When I was 10 I traveled to India, and I was mesmerised by the vibrant assembly of street sounds. Bright flashes of jiggling chimes coming from the women’s anklets, swishing sounds of women’s colourful Saris floating after them, and the jolly sounds of monkeys jumping and playfully hanging from buildings. Rickshaws horns, loud discussions and the entrance bell of temples _Ghanta sounds. But the most vivid memory I have is the echoes of a street performer, a snake charmer having a Cobra dancing to the tune of flute. It is not a picture that could be forgotten easily, when the snakes’ body becomes a vessel to carry the sounds of the flute, when the snake is resonating with the vibrations of the flute and resembling the sound in its movement. Now years later, as an architect and urban researcher, the questions are lingering, how are urban sounds, or the sounds that are within our living places, bound to vibrate through us? How the spatial sounds affect our moods and happiness?
Curious as ever, when I met Lark McIvor, musicologist and University of Edinburgh PhD researcher, neither of us could stop discussing sounds and places, and so the idea of this project was instigated. What if we could document the sounds of a happy place? How can we ask people with no background in music to express the sounds of a place that has made them happy?
Collective Sounds of Happy Places was a Digital Workshop, sponsored by the Festival of Creative Learning 2020. The Festival of Creative Learning is a series of programmes at The University of Edinburgh that has been at the forefront of encouraging Creative Learning through practice. This workshop aimed to help participants explore their happy places in the lockdown put in place for the 2020 COVID-19 pandemic. During the workshop, participants from all across the world explored their respective happy places, breaking it down to its spatial features. Next, participants learnt and applied “Graphic notation” practices to the sounds they experienced in their chosen happy spaces, creating music scores. “Graphic notation” is a form of writing music apart from traditional notation. It is the representation of musical ideas using visual symbols and was employed to document people’s happy places during the lockdown and the sounds that are heard in those spatial settings. Following the workshop participants’ scores were sent to a team of musicians to be recorded and accordingly the collective sounds of happy places were brought to life through a music piece.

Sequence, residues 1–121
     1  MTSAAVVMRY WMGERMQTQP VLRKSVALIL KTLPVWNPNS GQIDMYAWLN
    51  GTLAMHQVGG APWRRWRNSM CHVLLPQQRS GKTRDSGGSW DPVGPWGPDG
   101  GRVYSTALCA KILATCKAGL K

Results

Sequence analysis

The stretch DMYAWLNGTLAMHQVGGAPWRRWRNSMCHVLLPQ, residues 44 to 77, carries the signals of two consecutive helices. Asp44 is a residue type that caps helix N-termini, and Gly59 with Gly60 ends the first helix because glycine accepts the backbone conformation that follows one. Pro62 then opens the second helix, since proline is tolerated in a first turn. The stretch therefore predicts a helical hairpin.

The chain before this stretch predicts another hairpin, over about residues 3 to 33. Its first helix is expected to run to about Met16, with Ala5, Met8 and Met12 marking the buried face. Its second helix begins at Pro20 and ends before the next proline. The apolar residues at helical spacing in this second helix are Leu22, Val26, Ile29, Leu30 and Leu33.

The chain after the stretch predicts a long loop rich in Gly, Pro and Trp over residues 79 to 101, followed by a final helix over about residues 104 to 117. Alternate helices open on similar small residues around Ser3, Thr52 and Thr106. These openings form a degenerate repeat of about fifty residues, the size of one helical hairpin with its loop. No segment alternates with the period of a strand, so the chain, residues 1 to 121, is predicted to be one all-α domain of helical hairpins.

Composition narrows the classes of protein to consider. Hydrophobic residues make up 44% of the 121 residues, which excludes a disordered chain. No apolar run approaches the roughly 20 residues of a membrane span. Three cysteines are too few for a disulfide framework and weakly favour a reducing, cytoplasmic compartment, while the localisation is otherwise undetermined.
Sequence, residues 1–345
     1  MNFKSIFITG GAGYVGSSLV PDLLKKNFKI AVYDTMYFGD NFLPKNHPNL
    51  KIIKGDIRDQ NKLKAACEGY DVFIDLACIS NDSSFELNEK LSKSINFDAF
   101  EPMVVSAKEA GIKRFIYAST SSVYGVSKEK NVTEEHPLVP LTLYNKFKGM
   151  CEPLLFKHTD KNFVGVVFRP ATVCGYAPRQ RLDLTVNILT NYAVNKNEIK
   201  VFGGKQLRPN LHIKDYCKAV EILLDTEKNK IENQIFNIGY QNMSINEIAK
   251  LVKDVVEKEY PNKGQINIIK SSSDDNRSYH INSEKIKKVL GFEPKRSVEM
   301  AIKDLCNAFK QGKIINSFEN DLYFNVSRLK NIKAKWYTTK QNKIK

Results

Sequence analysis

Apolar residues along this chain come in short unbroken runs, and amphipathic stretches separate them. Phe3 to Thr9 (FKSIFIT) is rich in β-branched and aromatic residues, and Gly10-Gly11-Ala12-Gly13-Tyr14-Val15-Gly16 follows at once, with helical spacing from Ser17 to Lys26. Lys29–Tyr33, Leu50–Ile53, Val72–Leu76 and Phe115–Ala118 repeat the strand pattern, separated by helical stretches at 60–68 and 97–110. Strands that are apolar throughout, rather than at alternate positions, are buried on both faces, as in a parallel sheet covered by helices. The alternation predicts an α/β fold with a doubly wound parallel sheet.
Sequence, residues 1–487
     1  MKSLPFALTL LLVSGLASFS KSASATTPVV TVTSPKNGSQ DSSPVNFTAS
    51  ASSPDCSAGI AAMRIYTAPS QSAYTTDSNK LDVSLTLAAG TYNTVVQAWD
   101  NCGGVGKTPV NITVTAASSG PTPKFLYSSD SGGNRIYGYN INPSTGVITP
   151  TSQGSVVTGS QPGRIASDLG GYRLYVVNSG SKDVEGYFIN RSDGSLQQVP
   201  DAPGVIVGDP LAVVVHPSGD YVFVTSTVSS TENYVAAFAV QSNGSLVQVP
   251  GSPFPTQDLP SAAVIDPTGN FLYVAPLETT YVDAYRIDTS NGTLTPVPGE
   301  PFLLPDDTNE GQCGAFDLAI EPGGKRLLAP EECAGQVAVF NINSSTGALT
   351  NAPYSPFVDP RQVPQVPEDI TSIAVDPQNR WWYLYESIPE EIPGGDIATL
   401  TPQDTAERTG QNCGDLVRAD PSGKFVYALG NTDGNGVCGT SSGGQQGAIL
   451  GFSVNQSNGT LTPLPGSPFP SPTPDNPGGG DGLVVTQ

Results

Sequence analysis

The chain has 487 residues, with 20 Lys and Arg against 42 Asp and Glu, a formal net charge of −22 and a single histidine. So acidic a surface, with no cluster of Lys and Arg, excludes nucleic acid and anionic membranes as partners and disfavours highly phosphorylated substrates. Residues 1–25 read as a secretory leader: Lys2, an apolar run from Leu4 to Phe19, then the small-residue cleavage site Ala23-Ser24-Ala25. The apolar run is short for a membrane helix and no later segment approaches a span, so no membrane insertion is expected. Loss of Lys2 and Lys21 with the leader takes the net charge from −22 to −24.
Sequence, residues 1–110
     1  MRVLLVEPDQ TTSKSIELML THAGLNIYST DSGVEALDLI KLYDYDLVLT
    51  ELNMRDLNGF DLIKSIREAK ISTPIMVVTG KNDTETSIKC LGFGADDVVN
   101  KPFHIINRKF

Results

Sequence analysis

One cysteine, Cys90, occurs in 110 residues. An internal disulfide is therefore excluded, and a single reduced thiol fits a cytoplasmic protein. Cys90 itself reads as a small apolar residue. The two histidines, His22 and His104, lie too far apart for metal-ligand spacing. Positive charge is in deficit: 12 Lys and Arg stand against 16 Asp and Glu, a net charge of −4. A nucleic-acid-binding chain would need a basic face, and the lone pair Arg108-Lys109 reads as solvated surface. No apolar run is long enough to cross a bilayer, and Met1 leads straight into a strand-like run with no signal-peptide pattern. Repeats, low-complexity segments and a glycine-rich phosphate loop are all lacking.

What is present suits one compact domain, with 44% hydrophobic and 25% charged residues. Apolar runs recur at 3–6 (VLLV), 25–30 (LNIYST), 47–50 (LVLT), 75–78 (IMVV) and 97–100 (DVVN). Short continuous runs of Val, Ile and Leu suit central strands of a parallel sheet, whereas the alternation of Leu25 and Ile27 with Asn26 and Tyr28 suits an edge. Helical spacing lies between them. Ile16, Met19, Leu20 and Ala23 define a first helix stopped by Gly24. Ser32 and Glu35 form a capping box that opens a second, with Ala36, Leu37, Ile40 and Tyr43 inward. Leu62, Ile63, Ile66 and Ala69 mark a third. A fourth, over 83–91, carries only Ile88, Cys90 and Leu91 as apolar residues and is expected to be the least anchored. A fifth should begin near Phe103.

To explore participants’ happy places, watch the “Collective Sounds of Happy Places” video, that is composed of participant’ shared music scores, photos and videos of their happy places.
Participants were told to capture the sounds of their “Happy Place” during the Covid-19 lock down. It could have been a corner of their home or a nearby place they would pass during daily walks; no matter where it was, it was a place that has made them happy. In the end, all but one of the participants composed their happy places’ music scores based on nature and green spaces, which might not speak favourably of the architecture of our cities. For it seems all the facilities that architecture has provided for us, rather leave us with a hunger for wildlife. Andrea Palladio, one of the most influential renaissance architects, in his “Quattro libri dell’architettura” renders obtaining happiness as the reason cities were formed to begin with. Palladio explains,
“It being very probable, that man formerly lived by himself ; but afterwards, seeing he required the assistance of other men, to obtain those things that might make him happy, (if any happiness is to be found) naturally fought and loved the company of other men: whereupon of several houses, villages were formed, and then of many villages, cities, and in these public places and edifices were made.”Palladio, Andrea. The Four Books of Architecture. Edited by Isaac Ware. 1965 ed. Dover Publications, 1738. (see page 90)
After centuries of building and rebuilding cities, it is about time to gauge how fruitful were our efforts, and if the cities we are living in are making us happy.
Palladio, Andrea. The Four Books of Architecture. Edited by Isaac Ware. 1965 ed. Dover Publications, 1738.
About the Author
Negar Ebrahimi is an architect and a skilled consultant in spatial analysis with a Master of Science focused on Spatial Design: Architecture and Cities from The Bartlett School of Architecture, UCL. Prior to her studies at the Bartlett, she co-founded an architecture firm with a demonstrated history of working in the architecture & planning industry. Negar is completing a PhD in Architecture at the University of Edinburgh. She is passionate about promoting people’s wellbeing through architecture and urban design and her current research interests focus on the correlation between happiness and spatial design. When she isn’t working, you’ll find Negar reading Persian Poetry. That doesn’t tell you much, right? You’ll find more on her LinkedIn page https://www.linkedin.com/in/negar-ebrahimi/